What does the literature identify as the main factors that support or undermine the legitimacy of the Afghan state? What evidence is there that the international community has influenced state legitimacy in Afghanistan over the past 12 years? What opportunities (and risks) are there for the international community to support state legitimacy in Afghanistan?
The literature identified through this rapid literature review highlighted a number of factors that support or undermine the legitimacy of the Afghan state, including: local governance structures; corruption; service delivery; legitimising ideologies of the Afghan state; accountability deficits; and the 2001 Bonn Agreement.
In terms of evidence of international community influence on state legitimacy, three areas of focus are explored: international community delivering on state-building and peace-building promises; balancing output- and input-based sources of legitimacy; and examples from donor funded development projects in Afghanistan.
In terms of opportunities and risks of supporting state legitimacy in Afghanistan, three issues are identified: transition to Afghan ownership in 2014; supporting governance related projects; and risks of externally driven state-building.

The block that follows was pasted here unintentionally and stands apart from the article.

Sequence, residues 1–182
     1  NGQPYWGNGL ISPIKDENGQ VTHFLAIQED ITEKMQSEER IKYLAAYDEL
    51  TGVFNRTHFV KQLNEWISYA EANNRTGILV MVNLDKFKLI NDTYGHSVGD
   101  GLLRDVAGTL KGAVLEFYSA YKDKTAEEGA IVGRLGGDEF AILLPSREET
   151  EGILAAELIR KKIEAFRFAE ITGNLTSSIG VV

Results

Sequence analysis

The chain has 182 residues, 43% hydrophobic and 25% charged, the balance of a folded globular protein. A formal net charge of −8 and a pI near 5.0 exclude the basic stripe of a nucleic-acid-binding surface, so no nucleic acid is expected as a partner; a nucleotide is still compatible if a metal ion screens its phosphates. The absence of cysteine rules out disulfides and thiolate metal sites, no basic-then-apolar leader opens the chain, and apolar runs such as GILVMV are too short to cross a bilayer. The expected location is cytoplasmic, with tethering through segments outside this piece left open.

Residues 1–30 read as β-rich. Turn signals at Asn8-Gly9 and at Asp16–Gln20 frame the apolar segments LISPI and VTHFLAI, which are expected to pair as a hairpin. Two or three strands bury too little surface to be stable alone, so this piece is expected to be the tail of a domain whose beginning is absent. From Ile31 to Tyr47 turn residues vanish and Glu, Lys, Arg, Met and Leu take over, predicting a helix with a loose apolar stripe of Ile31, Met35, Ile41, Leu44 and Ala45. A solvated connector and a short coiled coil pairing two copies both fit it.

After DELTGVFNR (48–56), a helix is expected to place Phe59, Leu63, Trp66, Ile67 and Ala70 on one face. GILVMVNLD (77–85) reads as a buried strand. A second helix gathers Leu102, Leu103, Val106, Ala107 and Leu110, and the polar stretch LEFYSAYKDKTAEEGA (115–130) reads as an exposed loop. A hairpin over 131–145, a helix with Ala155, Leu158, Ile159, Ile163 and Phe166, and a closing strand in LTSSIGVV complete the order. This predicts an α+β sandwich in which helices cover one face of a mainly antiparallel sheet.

The rapid literature review conducted for this query revealed a large literature base exploring the factors that have influenced the legitimacy of the Afghan state since 2001. Much of this is found in journals (both in policy- and practitioner-oriented journals, and academic journals) and think-tank publications (largely on conflict or Western policy). The literature tends to focus more on military issues and international dimensions, with a smaller focus on state-building, development and humanitarian aspects. The state-building literature offers fewer references possibly as there has been limited work on legitimacy as an object of study (Mcloughlin, 2013).
Herbert, S. State legitimacy in Afghanistan and the role of the international community (GSDRC Helpdesk Research Report 1068). Governance and Social Development Resource Centre, University of Birmingham, Birmingham, UK (2014) 13 pp.